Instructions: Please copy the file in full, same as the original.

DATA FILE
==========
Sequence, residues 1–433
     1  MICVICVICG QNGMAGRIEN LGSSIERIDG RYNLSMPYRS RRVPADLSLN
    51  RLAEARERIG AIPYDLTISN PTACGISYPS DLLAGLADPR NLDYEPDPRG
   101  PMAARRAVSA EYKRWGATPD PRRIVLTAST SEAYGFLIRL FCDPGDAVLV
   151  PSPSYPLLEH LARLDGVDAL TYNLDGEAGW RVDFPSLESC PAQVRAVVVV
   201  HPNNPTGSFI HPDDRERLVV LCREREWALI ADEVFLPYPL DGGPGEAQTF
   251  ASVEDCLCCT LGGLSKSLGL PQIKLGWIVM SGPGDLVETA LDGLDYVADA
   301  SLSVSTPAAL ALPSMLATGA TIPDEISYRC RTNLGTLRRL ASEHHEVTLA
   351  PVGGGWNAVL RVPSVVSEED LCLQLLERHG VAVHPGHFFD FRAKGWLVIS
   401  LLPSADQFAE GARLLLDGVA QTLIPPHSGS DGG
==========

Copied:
Sequence, residues 1–433
     1  MICVICVICG QNGMAGRIEN LGSSIERIDG RYNLSMPYRS RRVPADLSLN
    51  RLAEARERIG AIPYDLTISN PTACGISYPS DLLAGLADPR NLDYEPDPRG
   101  PMAARRAVSA EYKRWGATPD PRRIVLTAST SEAYGFLIRL FCDPGDAVLV
   151  PSPSYPLLEH LARLDGVDAL TYNLDGEAGW RVDFPSLESC PAQVRAVVVV
   201  HPNNPTGSFI HPDDRERLVV LCREREWALI ADEVFLPYPL DGGPGEAQTF
   251  ASVEDCLCCT LGGLSKSLGL PQIKLGWIVM SGPGDLVETA LDGLDYVADA
   301  SLSVSTPAAL ALPSMLATGA TIPDEISYRC RTNLGTLRRL ASEHHEVTLA
   351  PVGGGWNAVL RVPSVVSEED LCLQLLERHG VAVHPGHFFD FRAKGWLVIS
   401  LLPSADQFAE GARLLLDGVA QTLIPPHSGS DGG